Part I: OLED for Displays and Lighting: Materials, Processing and Production
Professor Poopathy Kathirgamanathan, Professor of Electronic Materials Engineering, Wolfson Centre, Brunel University
The recent integration of OLEDs (organic light emitting displays) into mobile phones (Samsung-SDI) and OLED –TV’s (Sony) is a clear sign that the OLED technology is becoming accepted as a credible flat panel display technology. Recent reports of WOLED’s with efficiency in excess of 90 lm/W (comparable to fluorescent tube efficiency) has given an extra stimulus to Designers and Architects. WOLED’s are now routinely produced with efficiencies in excess of 40 lm/W and life-time of 10,000 hours at 1000 cdm-2. The market for OLED displays is predicted to be US$5.5 billion in 2015 and that for OLED Lighting is US$ 1.5 billion in 2015 according to Display Search (USA). A typical OLED device is a monolithic structure of hole injector, hole transporter, host +dopant (emitter), electron transporter and electron injector sandwiched between the anode and the cathode, at least one of which is transparent. To achieve efficient hole and electron injection into the emissive layer, the HOMO-LUMO of these materials has to be carefully matched.
There is a continuing demand for the reduction in power consumption, operating voltage and enhancement of the life-time of OLED’s. Charge transport (hole and electron) materials (pure or doped) are an integral part of any OLED. It has been reported that nearly 60% of the total electric power is lost through the charge transport layers, nearly 36% through etl and 5.7% through eil and the remainder through, hil, htl and hbl. The life time is also critically dependent on the nature of the charge transporters employed. Thus, there is an urgent need for electron transporters with high mobility and stability. The lecturer will present and demonstrate some strategies as to the selection of appropriate materials for efficient electron transport and injection resulting in lower operating voltage, higher efficiencies and longer life-time. The synthesis, characterisation and electrochemistry of some novel electron transporters and electron injectors will be highlighted. These materials are currently supplied in kg quantities to flat panel display manufacturers. Further, this seminar will address the following:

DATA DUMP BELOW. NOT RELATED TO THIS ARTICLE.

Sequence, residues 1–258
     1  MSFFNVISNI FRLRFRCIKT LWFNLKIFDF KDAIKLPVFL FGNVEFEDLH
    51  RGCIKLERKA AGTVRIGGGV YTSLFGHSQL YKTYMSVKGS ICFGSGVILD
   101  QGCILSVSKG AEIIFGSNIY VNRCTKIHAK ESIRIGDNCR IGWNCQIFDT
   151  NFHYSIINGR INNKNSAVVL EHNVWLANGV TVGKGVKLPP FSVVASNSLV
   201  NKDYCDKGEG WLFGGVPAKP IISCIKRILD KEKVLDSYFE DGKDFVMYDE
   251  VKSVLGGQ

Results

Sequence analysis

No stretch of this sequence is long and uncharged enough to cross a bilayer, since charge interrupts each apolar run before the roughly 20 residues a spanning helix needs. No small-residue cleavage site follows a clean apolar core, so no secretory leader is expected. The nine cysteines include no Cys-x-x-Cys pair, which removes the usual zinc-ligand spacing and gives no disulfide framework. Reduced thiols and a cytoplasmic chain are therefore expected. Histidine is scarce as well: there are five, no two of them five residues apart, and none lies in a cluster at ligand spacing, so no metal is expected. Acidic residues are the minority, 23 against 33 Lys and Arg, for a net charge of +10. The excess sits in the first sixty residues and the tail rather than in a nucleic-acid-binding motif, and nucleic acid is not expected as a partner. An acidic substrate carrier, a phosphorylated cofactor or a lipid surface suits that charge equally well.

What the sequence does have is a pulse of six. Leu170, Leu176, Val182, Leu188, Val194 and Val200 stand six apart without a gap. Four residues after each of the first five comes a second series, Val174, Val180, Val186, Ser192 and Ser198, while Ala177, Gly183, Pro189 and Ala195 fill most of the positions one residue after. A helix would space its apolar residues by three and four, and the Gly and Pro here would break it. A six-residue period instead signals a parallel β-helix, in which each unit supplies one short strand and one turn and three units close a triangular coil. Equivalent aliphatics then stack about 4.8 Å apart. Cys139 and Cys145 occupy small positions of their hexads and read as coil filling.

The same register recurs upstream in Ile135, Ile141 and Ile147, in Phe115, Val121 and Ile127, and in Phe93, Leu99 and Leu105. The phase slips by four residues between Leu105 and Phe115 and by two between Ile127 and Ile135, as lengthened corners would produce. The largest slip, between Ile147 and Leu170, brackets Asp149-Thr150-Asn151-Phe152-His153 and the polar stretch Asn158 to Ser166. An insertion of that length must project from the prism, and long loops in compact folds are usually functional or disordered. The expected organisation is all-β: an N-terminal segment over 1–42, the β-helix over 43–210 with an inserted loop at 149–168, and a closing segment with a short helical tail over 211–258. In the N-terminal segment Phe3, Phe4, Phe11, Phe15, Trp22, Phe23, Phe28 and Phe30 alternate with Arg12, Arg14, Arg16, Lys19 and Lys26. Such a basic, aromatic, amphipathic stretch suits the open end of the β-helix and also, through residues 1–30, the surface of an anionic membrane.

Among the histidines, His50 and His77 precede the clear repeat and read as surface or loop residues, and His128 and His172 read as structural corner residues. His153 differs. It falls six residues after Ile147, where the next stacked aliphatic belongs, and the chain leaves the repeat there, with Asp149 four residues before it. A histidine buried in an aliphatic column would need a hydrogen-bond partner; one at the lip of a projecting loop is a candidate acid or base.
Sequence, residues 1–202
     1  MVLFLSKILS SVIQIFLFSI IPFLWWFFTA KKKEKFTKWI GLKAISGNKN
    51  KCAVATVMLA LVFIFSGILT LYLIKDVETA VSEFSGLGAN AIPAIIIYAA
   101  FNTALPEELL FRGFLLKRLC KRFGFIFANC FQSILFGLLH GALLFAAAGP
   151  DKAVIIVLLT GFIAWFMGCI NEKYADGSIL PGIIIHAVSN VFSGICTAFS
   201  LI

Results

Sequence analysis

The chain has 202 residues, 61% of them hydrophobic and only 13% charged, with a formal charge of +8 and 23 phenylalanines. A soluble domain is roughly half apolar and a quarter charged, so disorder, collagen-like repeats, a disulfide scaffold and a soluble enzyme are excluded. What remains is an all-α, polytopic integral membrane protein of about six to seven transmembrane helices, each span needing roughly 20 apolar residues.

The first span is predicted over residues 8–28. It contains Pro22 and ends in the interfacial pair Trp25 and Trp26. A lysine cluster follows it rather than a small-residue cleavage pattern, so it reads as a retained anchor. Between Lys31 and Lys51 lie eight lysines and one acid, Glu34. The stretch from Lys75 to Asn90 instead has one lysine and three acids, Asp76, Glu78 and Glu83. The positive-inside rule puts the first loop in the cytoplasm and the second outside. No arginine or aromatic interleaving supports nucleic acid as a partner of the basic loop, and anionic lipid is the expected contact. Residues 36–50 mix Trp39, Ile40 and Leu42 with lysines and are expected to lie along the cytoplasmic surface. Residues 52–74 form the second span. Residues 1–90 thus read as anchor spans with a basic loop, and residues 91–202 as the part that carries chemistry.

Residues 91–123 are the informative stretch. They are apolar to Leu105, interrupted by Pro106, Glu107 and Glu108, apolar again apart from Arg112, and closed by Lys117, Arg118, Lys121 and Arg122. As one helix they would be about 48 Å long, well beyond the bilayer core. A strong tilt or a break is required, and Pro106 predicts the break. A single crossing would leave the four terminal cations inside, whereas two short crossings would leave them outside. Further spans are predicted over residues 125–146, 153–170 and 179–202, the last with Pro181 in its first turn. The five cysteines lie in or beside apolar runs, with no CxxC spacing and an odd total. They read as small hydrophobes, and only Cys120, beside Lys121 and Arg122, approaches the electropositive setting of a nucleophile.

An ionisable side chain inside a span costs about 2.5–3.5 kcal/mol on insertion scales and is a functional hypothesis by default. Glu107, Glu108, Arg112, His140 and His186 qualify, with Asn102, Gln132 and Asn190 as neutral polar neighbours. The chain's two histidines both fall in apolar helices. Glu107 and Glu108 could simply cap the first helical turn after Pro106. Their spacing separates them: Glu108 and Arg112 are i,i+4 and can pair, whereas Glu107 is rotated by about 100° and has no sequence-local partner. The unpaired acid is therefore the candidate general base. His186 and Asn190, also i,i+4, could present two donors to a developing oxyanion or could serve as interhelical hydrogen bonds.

*High efficiency fluorescent blue emitters
*Low cost phosphorescent blue emitters
*Small molecules vs dendrimers and polymers
*Scientific progress vs commercial requirements
Part 2: Improved EL Efficiency of Phosphorescent OLEDs at Ultrahigh Current Densities for Lighting Applications
Dr Zang Faxin, Division of Physics and Applied Physics, School of Physical & Mathematical Science, NTU
The phosphorescent organic light emitting devices are limited by the reduced efficiency at high current densities and high brightness for white lighting, laser applications. The efficiency reducing is caused by